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Serum lactate levels are a useful tool in managing critically ill septic patients, but the levels are often not routinely drawn or rapidly available in some institutions. As sepsis or SIRS-related disease is time-crucial with the administration of antibiotics and early goal directed therapy important to overall mortality, this delay could potentially translate into a patient care issue for the Emergency Physician.
 
Taking this into account, this study attempted to determine whether a readily available test, the anion gap (AG), could be used as a marker for abnormal lactate levels in ED patients at risk for sepsis. The authors enrolled 1419 adult patients prospectively with clinically suspected infection who had chemistry panels, calculated AG and lactate levels drawn in the ED. The mean AG was 11.8 and the mean lactate was 2.1. For an abnormal AG greater than 12, the mean lactate was 2.9, compared with 1.8 for an AG less than 12. The sensitivity of an elevated AG (greater than 12) in predicting elevated lactate levels (greater than 4 mmol/L) was 80% and the specificity was 69%. Patients with a gap greater than 12 had a 7-fold increased risk of having a lactate greater than 4 mmol/L.
 
The authors concluded that an elevated AG “is a moderately sensitive and specific means to detect elevated lactate levels in ED patients at risk for sepsis. This information may be somewhat helpful to Emergency Physicians to risk-stratify their patients to provide more aggressive early resuscitation.”
 
Elevated lactate levels are a surrogate for the outcomes of interest: death and organ failure. Lactate levels do correlate with sepsis-related mortality with levels above 4.0 mmol/L demonstrating 36% sensitivity and 92% specificity for all-cause mortality (Shapiro et al. Annals Emergency Medicine 2005; 45: 524-528). A single lactate is non-specific for sepsis. Since many conditions can produce hyperlacticacidemia, such as end-stage liver disease, alcoholic ketoacidosis, and toxic ingestions (James et al, Lancet 1999; 354: 505-508), serial lactate levels may have greater prognostic accuracy.
Nguyen (Crit Care Med 2004; 32: 1637-1642) noted that a failure to reduce lactate levels by >10% at six-hours (a measurement dubbed the “lactime”) is associated with increased mortality (sensitivity 44%, specificity 84%) from 42% to 67%.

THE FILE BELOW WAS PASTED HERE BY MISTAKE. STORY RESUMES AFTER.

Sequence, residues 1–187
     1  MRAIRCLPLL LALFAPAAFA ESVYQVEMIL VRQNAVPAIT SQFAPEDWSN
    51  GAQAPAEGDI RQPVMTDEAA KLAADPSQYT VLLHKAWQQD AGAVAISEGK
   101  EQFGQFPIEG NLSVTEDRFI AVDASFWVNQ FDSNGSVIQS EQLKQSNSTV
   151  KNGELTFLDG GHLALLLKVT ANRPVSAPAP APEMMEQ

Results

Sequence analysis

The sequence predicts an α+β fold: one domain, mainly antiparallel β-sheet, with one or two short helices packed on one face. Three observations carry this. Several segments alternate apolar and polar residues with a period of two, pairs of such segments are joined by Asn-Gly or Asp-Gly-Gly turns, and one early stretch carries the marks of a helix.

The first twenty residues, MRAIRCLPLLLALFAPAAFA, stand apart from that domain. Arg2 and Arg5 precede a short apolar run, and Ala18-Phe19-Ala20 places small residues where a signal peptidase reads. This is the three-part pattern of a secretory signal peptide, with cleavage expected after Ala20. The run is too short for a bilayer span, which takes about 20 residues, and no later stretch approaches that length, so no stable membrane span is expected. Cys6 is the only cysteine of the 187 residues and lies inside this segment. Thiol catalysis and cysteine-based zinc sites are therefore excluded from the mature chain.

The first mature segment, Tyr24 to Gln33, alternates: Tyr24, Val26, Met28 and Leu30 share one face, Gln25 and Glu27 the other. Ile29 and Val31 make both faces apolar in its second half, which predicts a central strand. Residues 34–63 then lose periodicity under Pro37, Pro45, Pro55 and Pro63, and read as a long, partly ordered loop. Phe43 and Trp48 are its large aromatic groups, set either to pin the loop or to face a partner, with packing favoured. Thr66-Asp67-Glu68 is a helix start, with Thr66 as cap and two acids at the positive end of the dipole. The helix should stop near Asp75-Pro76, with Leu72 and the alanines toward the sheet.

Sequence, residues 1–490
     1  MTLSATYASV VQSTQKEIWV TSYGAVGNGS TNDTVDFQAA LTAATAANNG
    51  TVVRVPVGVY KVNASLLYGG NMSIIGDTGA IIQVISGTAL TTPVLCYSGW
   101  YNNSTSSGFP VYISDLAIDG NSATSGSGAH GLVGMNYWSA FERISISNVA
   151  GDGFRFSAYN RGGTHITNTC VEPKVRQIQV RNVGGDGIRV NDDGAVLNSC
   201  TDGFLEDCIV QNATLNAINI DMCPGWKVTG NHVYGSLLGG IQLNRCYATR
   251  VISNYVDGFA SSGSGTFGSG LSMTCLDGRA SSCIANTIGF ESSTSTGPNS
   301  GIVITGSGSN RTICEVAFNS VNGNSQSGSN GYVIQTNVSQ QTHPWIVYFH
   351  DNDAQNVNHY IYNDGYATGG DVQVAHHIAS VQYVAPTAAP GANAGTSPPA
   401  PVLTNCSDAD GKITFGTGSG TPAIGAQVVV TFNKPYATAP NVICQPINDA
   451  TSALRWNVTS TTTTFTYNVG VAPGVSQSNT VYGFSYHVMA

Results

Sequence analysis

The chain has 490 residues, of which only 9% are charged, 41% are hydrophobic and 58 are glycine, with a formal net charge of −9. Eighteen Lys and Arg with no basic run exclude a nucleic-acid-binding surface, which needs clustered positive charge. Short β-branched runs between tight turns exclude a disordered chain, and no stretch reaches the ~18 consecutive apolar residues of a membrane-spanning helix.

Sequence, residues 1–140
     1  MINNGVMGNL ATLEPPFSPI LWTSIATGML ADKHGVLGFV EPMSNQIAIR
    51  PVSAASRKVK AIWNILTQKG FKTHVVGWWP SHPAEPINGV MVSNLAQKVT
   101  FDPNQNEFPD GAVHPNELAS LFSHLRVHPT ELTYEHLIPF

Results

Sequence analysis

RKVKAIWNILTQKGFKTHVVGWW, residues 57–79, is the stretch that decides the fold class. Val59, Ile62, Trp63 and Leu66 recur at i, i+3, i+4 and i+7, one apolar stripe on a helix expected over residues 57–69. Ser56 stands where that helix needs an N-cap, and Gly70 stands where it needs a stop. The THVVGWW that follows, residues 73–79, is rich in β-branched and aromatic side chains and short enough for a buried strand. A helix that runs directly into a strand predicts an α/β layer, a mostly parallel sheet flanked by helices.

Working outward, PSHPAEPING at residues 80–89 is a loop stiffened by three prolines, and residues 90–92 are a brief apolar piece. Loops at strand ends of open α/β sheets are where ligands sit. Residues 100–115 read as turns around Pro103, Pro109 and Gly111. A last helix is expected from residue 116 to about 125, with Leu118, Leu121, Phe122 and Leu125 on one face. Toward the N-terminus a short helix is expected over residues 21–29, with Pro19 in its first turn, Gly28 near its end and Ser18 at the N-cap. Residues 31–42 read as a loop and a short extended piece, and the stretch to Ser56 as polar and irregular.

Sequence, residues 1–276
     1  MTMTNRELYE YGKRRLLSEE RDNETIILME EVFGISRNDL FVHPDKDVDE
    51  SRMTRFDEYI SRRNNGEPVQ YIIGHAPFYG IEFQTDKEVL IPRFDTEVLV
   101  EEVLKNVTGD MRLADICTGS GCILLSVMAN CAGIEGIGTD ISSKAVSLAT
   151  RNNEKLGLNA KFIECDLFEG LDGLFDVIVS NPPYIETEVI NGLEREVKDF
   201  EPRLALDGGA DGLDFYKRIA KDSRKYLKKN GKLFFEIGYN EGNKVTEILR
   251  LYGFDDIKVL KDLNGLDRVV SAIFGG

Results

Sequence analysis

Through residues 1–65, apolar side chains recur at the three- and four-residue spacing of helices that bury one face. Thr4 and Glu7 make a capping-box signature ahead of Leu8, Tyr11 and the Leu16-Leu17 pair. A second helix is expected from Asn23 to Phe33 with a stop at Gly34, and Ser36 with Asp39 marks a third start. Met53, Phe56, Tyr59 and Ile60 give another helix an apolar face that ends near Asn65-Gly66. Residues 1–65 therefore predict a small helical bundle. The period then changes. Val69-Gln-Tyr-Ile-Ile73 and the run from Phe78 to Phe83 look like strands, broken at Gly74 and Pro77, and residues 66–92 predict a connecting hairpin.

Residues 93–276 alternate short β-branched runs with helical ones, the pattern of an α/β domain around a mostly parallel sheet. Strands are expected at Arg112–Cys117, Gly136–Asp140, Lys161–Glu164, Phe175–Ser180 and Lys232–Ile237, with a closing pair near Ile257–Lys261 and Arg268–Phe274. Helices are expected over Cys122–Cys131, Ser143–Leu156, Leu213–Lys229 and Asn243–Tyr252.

Like lactate, an elevated anion gap has a wide differential diagnosis and is non-specific for hypo-perfusion or sepsis. The current study would have been more useful if the anion gap had been correlated with sepsis or the systemic inflammatory response syndrome and sepsis-related mortality. Furthermore, the prognostic test characteristics (sensitivity, specificity, likelihood ratios) of serial anion gap measurements to correlate with sepsis-related mortality would also be of interest.
 
This study is good news for those emergency physicians practicing where lactate levels may take a couple hours or may not be available at all, such as in some low to moderate volume community EDs. Now there is evidence that the anion gap may be used to help assist clinical decisions while patient dispositions are made. The bottom line: if lactate levels at your institution are unavailable or have a prolonged turn-around time, take a second look at the anion gap for your patient with possible SIRS or sepsis.


The Study
Berkman M, Ufberg J, Nathanson LA, Shapiro NI: Anion Gap as a Screening Tool for Elevated Lactate in Patients with an Increased Risk of Developing Sepsis in the Emergency Department. JEM 2009; 36(4):391-394.

 

Comments   

# MD, Faculty Brown Medical School, Dept. of EMJon Valente 2009-09-15 18:06
Will this prompt you to do EGDT more?

Nice review.
At centers with poor access to lactate levels, this could prompt the clinician to use more aggressive management i.e. EGDT, considering admission to higher level of care, etc. A high AG (>12) just might be the "red flag" or "ticket" to persuade you or the admitting physician to admit your patient.
Other questions to consider:
1. Will repeating the lab and improving your AG correlate with improving lactate and improving morbidity and mortality? Possibly, but this data to my knowledge is not available.
2. How good is lactate for predicting sepsis? What is lactic acid's sensitivity? (In this study, the AG is only being used as a surrogate marker for another test).
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